So, imagine yourself now, pulling-up to your favourite hunting property with a mobile hunting lodge trailing behind, or prepositioned. We can. We reckon it would look really nice in the middle of a field next to a river and surrounded by forest-covered mountains, just waiting for the game to poke their heads out looking for green pick. Maybe we’d pull the rig to one of our favourite hunting spots for a couple of nights and then move it across the property to another likely lair. With pack-up taking just a few minutes, all it needs is a trailer-worthy track and you’ve got it made. No more having to rely on the shearing shed as a base camp.
While Grant does have a starting plan, most of his Tiny Home builds are custom-made to the client’s requirements with one or two mezzanines to accommodate a main sleeping space including a queen-sized bed with the option of a second space for a second (up to queen) bed or for storage. At the time of writing, the rig we reviewed was due to be shipped from NSW to the US in late September.
So who among us is ready to create our own little piece of mobile hunting-heaven somewhere closer to home? For a modern Grizzly Adams with a flair for the non-conventional, Grant will be happy to turn your dreams of an affordable and versatile hunting lodge into a reality.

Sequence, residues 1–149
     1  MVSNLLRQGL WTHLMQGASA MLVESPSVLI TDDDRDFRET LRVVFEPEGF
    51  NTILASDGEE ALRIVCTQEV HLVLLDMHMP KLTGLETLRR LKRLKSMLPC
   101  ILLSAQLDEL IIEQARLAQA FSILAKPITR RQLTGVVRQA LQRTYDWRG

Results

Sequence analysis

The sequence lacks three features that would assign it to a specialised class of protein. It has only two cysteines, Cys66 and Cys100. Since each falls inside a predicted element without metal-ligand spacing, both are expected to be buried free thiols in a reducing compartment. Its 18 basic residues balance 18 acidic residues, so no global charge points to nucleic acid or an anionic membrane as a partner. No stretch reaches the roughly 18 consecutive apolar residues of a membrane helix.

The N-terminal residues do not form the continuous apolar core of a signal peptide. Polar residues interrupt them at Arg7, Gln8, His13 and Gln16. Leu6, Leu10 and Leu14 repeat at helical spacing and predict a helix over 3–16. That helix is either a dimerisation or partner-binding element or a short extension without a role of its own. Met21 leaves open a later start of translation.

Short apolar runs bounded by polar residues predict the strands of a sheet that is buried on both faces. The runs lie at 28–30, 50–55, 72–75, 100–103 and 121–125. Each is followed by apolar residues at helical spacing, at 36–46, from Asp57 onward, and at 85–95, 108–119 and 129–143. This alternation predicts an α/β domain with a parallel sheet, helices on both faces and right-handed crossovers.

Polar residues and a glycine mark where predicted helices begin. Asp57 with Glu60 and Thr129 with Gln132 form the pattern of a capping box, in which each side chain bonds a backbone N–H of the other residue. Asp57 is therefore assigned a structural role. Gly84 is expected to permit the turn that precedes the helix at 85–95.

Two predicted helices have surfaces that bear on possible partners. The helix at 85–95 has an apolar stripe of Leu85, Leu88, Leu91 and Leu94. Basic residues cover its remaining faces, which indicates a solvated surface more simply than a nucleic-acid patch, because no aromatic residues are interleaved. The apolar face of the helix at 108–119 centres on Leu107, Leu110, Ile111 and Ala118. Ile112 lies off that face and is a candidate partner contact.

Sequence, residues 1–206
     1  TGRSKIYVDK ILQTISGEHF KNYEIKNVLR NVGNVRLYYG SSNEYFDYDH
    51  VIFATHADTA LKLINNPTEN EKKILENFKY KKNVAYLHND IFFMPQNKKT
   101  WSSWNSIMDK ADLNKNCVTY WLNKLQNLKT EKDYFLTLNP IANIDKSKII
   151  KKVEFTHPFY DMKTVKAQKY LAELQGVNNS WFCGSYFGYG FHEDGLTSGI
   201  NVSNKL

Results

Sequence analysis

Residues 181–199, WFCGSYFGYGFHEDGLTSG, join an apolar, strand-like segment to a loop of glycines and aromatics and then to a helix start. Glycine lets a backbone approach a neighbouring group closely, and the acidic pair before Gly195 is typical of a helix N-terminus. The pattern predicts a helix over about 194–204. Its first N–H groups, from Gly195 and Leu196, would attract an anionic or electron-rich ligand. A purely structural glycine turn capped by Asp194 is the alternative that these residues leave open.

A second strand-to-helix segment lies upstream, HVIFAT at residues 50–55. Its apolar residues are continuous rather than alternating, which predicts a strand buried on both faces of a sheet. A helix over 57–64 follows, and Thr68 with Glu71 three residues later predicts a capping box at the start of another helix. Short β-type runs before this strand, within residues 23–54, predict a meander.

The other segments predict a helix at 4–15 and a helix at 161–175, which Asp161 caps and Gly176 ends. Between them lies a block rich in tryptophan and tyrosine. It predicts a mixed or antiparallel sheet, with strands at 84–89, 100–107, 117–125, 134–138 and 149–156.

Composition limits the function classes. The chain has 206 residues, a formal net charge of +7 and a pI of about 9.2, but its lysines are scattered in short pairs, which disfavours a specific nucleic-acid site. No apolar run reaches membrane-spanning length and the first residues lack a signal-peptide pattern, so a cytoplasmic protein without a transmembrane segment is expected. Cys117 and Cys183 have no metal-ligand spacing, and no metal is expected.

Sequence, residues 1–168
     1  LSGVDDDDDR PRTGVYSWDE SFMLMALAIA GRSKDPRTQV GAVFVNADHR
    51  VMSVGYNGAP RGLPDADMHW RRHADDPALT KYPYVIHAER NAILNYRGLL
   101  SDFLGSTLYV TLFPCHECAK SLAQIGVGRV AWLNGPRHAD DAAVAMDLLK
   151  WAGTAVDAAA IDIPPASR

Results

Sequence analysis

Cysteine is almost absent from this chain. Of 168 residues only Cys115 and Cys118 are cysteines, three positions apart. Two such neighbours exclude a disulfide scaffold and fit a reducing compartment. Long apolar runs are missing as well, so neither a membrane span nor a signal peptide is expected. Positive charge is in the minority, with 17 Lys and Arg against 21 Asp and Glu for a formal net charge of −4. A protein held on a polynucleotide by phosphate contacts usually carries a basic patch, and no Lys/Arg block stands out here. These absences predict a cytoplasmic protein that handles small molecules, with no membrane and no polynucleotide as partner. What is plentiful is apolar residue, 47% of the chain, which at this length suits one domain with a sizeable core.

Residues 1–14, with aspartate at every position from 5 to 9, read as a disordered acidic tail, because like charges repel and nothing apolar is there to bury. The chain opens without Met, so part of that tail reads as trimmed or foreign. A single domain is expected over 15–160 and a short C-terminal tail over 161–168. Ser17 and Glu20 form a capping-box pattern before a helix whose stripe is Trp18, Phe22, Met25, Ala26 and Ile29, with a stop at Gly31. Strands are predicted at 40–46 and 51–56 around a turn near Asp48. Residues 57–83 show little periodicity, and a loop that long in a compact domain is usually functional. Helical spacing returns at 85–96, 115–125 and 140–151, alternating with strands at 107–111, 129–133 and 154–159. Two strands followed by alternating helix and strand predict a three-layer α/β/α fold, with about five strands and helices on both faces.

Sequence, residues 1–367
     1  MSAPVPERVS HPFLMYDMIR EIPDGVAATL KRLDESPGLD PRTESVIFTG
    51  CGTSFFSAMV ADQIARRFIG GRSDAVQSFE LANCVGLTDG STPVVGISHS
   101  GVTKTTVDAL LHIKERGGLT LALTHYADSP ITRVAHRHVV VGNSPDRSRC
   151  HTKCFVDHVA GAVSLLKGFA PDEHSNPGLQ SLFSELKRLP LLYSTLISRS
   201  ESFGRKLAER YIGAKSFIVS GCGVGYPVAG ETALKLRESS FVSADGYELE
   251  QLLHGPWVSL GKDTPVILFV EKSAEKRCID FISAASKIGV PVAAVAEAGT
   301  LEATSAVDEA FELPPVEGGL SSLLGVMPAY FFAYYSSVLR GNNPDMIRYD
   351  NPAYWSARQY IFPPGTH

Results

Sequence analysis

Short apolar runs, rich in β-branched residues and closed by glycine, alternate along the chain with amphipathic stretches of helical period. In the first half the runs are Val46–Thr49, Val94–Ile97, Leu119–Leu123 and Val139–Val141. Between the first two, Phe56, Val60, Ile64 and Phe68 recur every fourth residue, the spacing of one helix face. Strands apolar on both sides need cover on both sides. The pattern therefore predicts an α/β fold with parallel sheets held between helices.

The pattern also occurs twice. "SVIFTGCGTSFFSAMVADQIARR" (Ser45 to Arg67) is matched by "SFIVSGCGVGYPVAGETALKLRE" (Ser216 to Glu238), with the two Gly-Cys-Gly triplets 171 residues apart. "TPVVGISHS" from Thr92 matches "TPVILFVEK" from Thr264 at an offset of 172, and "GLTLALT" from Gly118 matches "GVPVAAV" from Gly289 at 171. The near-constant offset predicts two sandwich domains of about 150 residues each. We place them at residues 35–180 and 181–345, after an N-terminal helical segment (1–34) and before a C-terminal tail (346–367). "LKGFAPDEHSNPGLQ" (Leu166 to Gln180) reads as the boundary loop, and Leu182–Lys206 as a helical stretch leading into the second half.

For more information, contact Designer Eco Homes on freecall 1300 334 153 or visit designerecohomes.com.au
|Manufacturer:||Designer Eco Tiny Homes|
|Model:||Studio Series||Independent Series||Graduate Series||Lifestyle Series|
|Axle:||1 axle standard||2 axle standard||2-3 axle standard||3 axle|
|Gross Trailer Mass (GTM):||2000-3500kg||3500kg||3500-4500kg||4500kg|
|Towball Weight Max:||105kg||260kg||270-340kg||320-370kg|
|Body Construction:||70mm treated pine frame, hardwood ply-bracing, cedar lining|
|Body Width:||2.5m external, 2.23m internal|
|Length Tray and Overall:||3.6m, 5.4m||4.8m, 6.6m||6m, 7.8m||7.2m, 9m|
|Height:||Optional up to 4.250m for double storey|
|Chassis Type:||100x50x3mm RHS, drawer bar 150x50x5mm RHS galvanised|
|Tyre/rim Size:||14×7” black steel, 185R 14 LT (light truck)|
|Suspension:||7 Leaf Rocker Roller|
|Breaks:||Dual axle 12” Electric Drum Manual Handbrake, Tri axle 10” Electric Drum Manual Handbrake|
|Levelling Jacks:||Electric/manual size|
Insulation: Sisalation and Ecowool combined R-rating of up to R3.0
Window: Double-glazed house windows
Awning: 300mm eave at either end, side awnings optional extra
Gas cylinders: 9-litre
Shower: Optional built-in and external
Toilet: Optional built-in or portable/cassette
Cooktop: 2-4 burner
Fridge: 223-litre LG (other models on demand)
Battery: 80-130AH AGM, second battery optional
Water: Optional 60-litre tank
Heating: Wood burning stove or gas air room heater
Outside table: Portable, or bolt-on portable, or bolt-on